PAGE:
Movies about dinosaurs sometimes show smaller animals frantically trying to avoid the footsteps of the massive saurians. It's not hard to start applying that analogy to the accounting software channel.
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With Tectura grabbing Aston Business Solutions and ePartners buying EYT, we have our mammoth animals. Tectura suddenly becomes the largest reseller of mid-market accounting software, shooting up to an annual run rate of $160 million that CEO Terry Petrzelka says is a conservative figure. EPartners gets up to about $74 million.
The Accounting Technology list of the Top 100 VARs for 2003 had total sales of just over $653 million. That doesn't include overseas operations, which account for probably half the Tectura total and a much smaller portion of ePartners' revenue. But you get the picture, and these facts will have immediate implications for smaller resellers.
Vendors often give much more attention, under the 80/20 rule, to the top 20 percent of VARs. How do vendors-in this case Microsoft-allocate resources if a handful of partners generate a disproportionate amount of sales? How does Best Software respond when it does not have a reseller anywhere near the size of the large Microsoft resellers?
Some observers think Microsoft wants fewer, larger VARs, although Petrzelka says that Microsoft has not encouraged or discouraged the emergence of Tectura and ePartners. Meanwhile, Microsoft has steadfastly held that there is a role for smaller partners, including two- and three-person shops, and continues to authorize those kinds of resellers.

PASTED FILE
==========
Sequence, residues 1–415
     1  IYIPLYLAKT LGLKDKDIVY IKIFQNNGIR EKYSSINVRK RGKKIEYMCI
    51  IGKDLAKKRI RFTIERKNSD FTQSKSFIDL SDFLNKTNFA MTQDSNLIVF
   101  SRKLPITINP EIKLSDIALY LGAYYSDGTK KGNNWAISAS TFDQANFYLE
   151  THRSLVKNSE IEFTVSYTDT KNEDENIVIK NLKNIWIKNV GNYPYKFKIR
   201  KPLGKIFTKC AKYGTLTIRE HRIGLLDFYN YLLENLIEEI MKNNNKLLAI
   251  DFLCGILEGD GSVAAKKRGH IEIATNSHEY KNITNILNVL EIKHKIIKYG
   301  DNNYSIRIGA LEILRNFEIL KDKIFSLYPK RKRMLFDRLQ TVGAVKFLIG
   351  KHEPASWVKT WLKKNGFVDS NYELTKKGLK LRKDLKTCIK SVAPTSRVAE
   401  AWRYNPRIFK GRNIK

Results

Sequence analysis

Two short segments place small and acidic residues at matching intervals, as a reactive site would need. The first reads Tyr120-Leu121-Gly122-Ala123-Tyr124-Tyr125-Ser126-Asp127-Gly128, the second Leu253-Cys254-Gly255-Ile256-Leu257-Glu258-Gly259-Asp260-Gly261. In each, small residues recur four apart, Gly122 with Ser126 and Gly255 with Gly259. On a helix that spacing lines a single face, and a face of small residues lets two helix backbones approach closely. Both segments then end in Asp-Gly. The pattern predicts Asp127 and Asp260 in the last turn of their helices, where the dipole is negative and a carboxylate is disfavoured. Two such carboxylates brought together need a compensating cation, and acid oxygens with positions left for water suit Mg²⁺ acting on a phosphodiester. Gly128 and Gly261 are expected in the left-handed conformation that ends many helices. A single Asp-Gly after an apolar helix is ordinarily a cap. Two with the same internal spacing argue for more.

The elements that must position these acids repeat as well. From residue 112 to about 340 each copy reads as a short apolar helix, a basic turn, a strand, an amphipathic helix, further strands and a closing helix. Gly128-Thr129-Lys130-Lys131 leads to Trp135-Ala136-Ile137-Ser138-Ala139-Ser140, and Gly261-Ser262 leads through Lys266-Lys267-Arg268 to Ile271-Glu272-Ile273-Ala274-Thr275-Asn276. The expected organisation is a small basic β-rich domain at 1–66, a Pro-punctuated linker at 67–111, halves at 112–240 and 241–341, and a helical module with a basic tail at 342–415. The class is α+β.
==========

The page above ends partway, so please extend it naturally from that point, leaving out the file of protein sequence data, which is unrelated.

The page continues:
Previously, the thinking has been that the larger vendors will have to go after the larger deals and won't be able to compete with the local VARs, whose advantage was knowing their local markets. When ePartners was the only large entry, many thought it showed that a large reseller could not keep the entrepreneurial spirit that many believe is needed to be effective in delivering software and consulting services.
This is not the view of Petrzelka, who believes his company can achieve efficiencies and can bring resources to bear in markets in which smaller resources compete. It's clear that Tectura, at least, will be going head on the smaller operations. It's less clear with ePartners, which has tended to focus on the larger accounts. It's not certain that the giants will succeed. It is clear that many smaller resellers feel they need to bulk up, probably above the $3 million-a year-sales level, to be truly effective.
But why should roll-ups, not notably successful earlier, have a chance this time? The earlier ventures started before Microsoft ended up with Great Plains, Solomon, and Navision. That may be all the difference this round.